I have several kinds of memories that hover within my mind throughout the day. They are not so deep that they are subconscious, while they are not so conscious that…
I have several kinds of memories that hover within my mind throughout the day.
They are not so deep that they are subconscious, while they are not so conscious that they remain at the forefront. All are extremely painful. They hurt and inhibit me in the way that Dr. House's leg hurt and inhibited him.
Every day I wake up, life presents me with a choice: To give up or keep going.
The notion isn't necessarily tied to entrepreneurship; entrepreneurship is only an externality. At the core of the choice is my why, my reason for living. It's my reason to live that drives me to accomplish a goal; the goal is therein accomplished through entrepreneurship (largely, at least; though, not entirely).
My goal is to rebuild my culture. And if willpower is the product of emotion and why, then my pain goes hand-in-hand with my willpower. They are inseparable. The pain never subsides; it only increases as I grow older, accumulating more mistakes through the process of growing, self-actualizing.
It's conventional wisdom not to dwell on the past, but I don't feel as if I can help it the moment I question the reasoning behind any action I take, any decision I make throughout the day.
In general reference to any daily action, large or small, is what I'm about to do not rational? Then, it's wrong. If it is not efficient, then why and how can I become more so?
The process of answering these questions in order to maximize my productivity in the right direction requires me to reflect, indirectly. And doing so cannot be accomplished without pain.
Memories of people I've loved and cared about who've negatively misjudged my character, how their assumptions, doubts, lack of empathy, and inaccurate gossip hurt and shake the trust I put in people, as well as make me second-guess my own actions that led to them having such low opinions of me, in the first place, as I've tried to figure my life out without much guidance. Memories of specific wrongdoings committed against me as a child. Feelings of sorrow and regret at wrongdoings I've committed against others as I've grown. Hard interpersonal sacrifices I've had to make in the process of staying focused and aligned with my mission.
These all weigh on my mind, all day. Every day. As I work. Sometimes, they overwhelm me and I need to take a break. When I do, I have to remind myself not to beat myself up for doing so. To embrace the limits of my own mortality, which are greater than some...but less than others I admire.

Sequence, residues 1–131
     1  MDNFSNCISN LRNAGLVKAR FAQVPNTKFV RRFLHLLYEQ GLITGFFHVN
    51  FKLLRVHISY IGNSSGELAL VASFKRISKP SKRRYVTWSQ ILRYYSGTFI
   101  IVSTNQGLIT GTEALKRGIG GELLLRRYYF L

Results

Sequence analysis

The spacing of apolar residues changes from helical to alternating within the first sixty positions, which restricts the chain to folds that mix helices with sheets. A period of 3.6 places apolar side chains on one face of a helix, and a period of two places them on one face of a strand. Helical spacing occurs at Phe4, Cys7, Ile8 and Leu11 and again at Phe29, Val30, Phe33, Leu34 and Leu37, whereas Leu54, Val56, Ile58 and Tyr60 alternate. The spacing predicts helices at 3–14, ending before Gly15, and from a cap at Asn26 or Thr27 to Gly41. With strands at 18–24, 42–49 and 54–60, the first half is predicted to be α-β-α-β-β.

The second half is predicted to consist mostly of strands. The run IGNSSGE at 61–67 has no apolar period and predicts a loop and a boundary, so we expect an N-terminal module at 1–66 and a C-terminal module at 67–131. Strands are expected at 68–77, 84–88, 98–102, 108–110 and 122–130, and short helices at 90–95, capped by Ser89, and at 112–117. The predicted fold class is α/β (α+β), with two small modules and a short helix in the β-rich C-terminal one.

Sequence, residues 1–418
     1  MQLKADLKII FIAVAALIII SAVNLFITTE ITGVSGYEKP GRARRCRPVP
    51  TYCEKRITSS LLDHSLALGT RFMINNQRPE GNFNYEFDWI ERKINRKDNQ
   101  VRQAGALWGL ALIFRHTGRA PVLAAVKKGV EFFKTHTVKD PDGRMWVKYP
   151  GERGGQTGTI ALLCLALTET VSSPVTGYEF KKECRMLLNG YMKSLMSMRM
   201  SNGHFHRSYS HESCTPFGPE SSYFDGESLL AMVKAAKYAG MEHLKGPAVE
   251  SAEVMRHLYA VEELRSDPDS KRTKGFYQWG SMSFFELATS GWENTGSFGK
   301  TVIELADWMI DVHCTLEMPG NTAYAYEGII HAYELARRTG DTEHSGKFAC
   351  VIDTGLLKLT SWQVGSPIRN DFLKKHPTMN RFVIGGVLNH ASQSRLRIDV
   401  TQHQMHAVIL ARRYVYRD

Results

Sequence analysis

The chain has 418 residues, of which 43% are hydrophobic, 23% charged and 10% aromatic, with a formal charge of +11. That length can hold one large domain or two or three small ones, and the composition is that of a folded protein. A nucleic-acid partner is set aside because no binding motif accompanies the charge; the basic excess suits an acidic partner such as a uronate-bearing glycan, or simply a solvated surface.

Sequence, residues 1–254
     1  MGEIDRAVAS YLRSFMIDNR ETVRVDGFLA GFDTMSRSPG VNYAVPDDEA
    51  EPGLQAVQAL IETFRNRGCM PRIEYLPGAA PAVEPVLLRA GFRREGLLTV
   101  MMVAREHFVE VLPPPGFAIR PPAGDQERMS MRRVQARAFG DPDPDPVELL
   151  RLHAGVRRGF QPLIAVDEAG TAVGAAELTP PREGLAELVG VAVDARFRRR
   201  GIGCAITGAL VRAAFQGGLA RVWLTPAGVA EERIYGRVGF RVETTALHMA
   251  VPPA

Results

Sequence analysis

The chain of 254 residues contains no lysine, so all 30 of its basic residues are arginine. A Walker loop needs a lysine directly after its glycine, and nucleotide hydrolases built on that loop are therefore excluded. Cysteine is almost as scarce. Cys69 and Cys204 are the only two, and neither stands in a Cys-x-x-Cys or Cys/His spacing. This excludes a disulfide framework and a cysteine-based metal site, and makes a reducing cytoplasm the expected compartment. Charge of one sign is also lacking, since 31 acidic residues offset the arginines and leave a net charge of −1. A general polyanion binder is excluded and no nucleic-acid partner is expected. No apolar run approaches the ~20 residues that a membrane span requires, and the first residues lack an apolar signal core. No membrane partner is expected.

It is like moving through molasses, climbing a mountain with weights on.
So, you can imagine how easy it is, to want to end it all sometimes. If not through literal suicide, then at least to give up on myself, in general.
Why not cash in my laurels to spend the rest of my life playing video-games (or something)? Why keep going? Why strive to make it to point Z, when I'm already technically at point B?
What helps greatly is my marriage, the family I've rebuilt. The thought of my wife and children. I am so fortunate to be one of the men in the world to have such a supportive wife. There are many women, an increasing number throughout our civilization in fact, who don't support their husband's work or ideas. Indeed, they compete with their husbands instead, or show little interest or respect for what he wants to do with his life.
Sometimes, they use the long hours required to make a dream come to fruition as the very excuse for divorce.
What I've done is integrated work and family, together. I'm always home and always at the office of my marketing firm, because I work and study from home. This has not been an easy task, because, for most people, working from home is a pipe dream. Very few pull it off, but I have.
I had the willpower to, which simultaneously means that I had the necessary depth of pain to.
Meanwhile, my wife and I work to build the same business: I'm the CEO; she's the VP. So, being at the office for her is being at home all the same as me. We just may work in different rooms.
The challenge is in differentiating between the two: the time for work, and the time for romance and family. Though, I will admit that what we've set up as a family gives us a major advantage over many other marriages in the world, who have spouses typically work apart from each other in an unrelated way.
Therein, my family, the new one I've built rather than all those I've had to disconnect from my life for one reason or another, is my greatest strength and greatest weakness. Work would be a potential pitfall that would break us apart if we didn't structure our lives in such a way as to build our businesses from home.
So, how do I deal with the depression that comes with dwelling from the past as an entrepreneur, then?
It never gets easier; you just have to get stronger. You have to look ahead of the road before you and see where the pitfalls are as much as you can. Then, structure your life in such a way as to prevent yourself from falling in them.
The rest is courage, what would be needed to make the decision to face life head-on anyway, even though you could stop at any time.
Mike Norton is an American award-winning Internet marketing strategist with a BA in Internet marketing from Full Sail University.
He’s also a writer, entrepreneur, and a quantum physicist studying part-time at the University of York. He is the bestselling independent author of Fighting for Redemption, and a veteran of the United States military who is a 7-time winner of the USS Dwight Eisenhower award for essays of world peace and respect.
As a mostly self-educated vagabond, he gains inspiration from a myriad of experiences wrought from the adventures of his nomadic lifestyle. He prolifically writes and journals where ever he goes in the world, from one country to the next.